¼% state wide tax increase & increased personal income tax for incomes greater then $250,000
Increase sales tax statewide by 1/4% for 4 years and increase personal income tax rates on a sliding scale for incomes greater then $250,000 for 7 years.
- Some people believe that if this proposition passes money will not go to the schools and the rich people will move out of the state making the proposition ineffective. However, our research has not shown this to be true.
- According to Gov. Brown $56 billion has been cut from education, public safety and health care in the State budget in the last 4 years, and the budget proposed for next year will continue to reduce spending. However this is not accurate. State revenues have decreased and budgets have been shrunk accordingly. The 2013 fiscal budget proposed by Brown INCLUDES the money from this proposition so when he says that there will be reduced spending if the proposition doesn’t pass it is because he was already planning on this money and has accounted for it.
- If proposition 30 doesn’t pass it will not significantly change current spending on education. State law requires 40% which is where we are at.
- Do you want to have a ¼% increase in sales tax( for 4 years ) as well as subject those with incomes higher than 250,000 to a higher tax rate(for 7 years) to generate additional funds for California’s public schools and safety services?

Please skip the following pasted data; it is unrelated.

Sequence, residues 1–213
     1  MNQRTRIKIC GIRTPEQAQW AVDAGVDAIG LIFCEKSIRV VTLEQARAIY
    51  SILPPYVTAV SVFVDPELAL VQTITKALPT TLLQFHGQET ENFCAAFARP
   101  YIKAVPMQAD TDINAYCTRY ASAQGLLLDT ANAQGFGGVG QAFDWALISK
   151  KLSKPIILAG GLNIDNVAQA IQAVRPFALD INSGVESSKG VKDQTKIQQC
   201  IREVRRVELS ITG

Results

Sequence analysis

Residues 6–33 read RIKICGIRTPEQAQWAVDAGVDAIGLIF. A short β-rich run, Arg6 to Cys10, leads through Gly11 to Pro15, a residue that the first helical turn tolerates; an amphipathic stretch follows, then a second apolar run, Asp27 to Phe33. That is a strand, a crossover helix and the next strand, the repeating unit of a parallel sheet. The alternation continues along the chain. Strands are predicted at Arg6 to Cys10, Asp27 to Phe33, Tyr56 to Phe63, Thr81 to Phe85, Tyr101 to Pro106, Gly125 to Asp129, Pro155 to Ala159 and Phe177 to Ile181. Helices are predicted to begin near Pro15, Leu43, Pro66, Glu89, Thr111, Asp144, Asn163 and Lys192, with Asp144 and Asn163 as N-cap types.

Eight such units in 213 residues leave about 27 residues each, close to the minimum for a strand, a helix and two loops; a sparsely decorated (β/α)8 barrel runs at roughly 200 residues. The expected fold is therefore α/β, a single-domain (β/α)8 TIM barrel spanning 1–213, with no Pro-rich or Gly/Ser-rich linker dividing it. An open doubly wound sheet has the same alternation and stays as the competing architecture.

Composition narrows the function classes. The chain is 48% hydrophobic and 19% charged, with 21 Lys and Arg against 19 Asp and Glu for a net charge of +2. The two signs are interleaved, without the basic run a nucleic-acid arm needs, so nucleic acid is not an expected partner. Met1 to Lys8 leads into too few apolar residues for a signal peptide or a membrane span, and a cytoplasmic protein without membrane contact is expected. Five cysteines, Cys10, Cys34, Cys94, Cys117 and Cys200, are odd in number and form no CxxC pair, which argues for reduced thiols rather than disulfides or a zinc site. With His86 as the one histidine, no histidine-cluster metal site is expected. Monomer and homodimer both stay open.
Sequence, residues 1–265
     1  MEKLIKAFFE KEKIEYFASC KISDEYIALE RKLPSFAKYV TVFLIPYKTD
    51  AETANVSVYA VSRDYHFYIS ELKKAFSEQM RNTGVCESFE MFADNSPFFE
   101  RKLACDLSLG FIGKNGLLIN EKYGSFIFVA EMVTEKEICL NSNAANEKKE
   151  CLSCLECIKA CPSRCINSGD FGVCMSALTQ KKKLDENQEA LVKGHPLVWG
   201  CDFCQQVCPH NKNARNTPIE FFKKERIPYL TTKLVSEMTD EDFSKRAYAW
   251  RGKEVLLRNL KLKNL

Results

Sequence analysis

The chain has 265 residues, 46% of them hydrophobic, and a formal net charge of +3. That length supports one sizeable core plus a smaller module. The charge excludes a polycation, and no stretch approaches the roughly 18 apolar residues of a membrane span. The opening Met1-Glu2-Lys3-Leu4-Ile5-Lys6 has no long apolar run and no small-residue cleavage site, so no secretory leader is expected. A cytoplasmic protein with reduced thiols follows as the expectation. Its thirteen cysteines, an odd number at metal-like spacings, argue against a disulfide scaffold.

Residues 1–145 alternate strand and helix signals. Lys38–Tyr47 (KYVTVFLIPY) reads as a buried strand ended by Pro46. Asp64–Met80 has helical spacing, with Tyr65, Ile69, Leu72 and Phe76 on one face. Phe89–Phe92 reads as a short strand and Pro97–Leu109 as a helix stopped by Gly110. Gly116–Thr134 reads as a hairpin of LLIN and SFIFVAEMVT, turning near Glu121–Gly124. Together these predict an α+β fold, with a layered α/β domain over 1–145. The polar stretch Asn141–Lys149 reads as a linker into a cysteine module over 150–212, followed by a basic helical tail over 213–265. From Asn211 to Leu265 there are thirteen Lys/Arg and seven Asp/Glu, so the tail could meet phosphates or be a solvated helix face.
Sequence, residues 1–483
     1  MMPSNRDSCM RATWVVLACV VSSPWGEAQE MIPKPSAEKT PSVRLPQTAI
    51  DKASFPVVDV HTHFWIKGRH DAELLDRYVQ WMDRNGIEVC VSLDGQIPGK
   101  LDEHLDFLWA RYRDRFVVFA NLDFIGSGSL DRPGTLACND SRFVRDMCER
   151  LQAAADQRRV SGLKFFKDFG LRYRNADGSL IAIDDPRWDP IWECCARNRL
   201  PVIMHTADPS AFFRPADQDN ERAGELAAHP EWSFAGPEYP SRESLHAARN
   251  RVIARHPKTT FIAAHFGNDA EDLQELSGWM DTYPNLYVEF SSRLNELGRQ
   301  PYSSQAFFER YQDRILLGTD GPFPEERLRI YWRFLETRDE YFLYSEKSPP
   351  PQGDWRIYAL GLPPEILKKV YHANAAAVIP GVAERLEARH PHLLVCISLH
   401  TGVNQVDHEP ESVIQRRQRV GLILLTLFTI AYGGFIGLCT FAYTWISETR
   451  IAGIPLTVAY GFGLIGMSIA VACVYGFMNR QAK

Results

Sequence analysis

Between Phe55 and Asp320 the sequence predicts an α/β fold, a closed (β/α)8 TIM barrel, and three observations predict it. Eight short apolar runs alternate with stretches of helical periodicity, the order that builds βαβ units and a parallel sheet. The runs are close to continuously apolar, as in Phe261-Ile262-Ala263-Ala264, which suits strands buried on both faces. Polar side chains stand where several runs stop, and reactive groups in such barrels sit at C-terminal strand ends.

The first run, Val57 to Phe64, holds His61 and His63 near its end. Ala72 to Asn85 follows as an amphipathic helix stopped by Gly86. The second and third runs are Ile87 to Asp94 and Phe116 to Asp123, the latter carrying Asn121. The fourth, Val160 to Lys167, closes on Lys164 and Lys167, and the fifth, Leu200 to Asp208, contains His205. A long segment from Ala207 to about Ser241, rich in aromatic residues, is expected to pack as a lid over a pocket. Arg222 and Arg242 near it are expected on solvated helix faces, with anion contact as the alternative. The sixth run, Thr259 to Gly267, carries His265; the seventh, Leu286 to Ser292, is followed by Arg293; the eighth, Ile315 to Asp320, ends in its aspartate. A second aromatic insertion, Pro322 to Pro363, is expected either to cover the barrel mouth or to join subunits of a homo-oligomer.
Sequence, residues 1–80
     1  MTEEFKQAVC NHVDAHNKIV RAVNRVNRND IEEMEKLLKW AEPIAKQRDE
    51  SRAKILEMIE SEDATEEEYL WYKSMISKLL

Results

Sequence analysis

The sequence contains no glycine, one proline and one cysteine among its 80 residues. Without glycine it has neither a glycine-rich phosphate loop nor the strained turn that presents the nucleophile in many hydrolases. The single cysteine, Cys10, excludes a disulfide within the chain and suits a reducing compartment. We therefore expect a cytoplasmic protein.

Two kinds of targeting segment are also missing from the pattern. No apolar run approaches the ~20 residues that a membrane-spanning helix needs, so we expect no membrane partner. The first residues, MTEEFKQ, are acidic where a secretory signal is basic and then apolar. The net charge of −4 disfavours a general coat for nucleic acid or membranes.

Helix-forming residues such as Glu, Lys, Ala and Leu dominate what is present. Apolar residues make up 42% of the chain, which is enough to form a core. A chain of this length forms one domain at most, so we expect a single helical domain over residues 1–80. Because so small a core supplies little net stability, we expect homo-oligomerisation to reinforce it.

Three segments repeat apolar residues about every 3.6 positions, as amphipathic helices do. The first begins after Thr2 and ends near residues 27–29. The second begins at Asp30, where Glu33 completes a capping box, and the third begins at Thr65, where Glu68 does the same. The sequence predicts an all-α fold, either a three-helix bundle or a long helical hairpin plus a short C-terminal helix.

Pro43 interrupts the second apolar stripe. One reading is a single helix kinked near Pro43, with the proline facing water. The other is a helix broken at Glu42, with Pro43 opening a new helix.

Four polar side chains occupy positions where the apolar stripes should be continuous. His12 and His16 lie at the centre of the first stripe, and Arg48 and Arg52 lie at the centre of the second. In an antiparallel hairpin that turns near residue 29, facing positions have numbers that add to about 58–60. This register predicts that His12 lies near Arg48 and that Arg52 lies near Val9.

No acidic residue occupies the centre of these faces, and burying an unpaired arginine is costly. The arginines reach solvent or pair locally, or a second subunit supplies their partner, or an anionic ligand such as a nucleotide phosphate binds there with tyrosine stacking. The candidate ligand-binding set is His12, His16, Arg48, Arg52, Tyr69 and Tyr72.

The state would increase personal income taxes on high-income taxpayers for seven years and sales taxes for four years. The new tax revenues would be available to fund programs in the state budget.
The state would not increase personal income taxes or sales taxes. State spending reductions, primarily to education programs, would take effect in 2012–13.
- The Legislature of our State has passed a budget dependent upon the passing of this proposition and its $6 billion of anticipated revenue. The spin is that without this proposition passing, schools will face a $6 billion cut next year. The $6 billion never existed in the first place, and now voters are being told that this Proposition will protect our schools from further cuts. They never had it to begin with. It was never given to them. The law requires that public schools receive 40% of general fund revenues. Education will still get what’s due. It can’t be cut. The $6 billion was additional money when the proposition passes. This is the Governors fear message to get his proposition passed.
- Public safety meets a very wide definition per section 36(a). It’s not what most people think (hiring more cops, although that is permitted), but rather encompasses a broad spectrum of social benefits programs and tangential causes.
- If there was no other choice in this election then this would be considered somewhat reasonable to benefit education however it’s not the only choice.
- This proposition lacks the clear funding criteria of Prop 38. According to pages 82-83 item (B), 89% of these funds will be given to local school authorities to be spent as they see fit with the exception of administrative costs and administrators’ salaries. Teachers’ salaries and pensions are not exempt (page 83 item 6). Passage of this prop will lead to an imminent demand for increased compensation from the California Teachers Union, and yes, they are a leading proponent of this prop.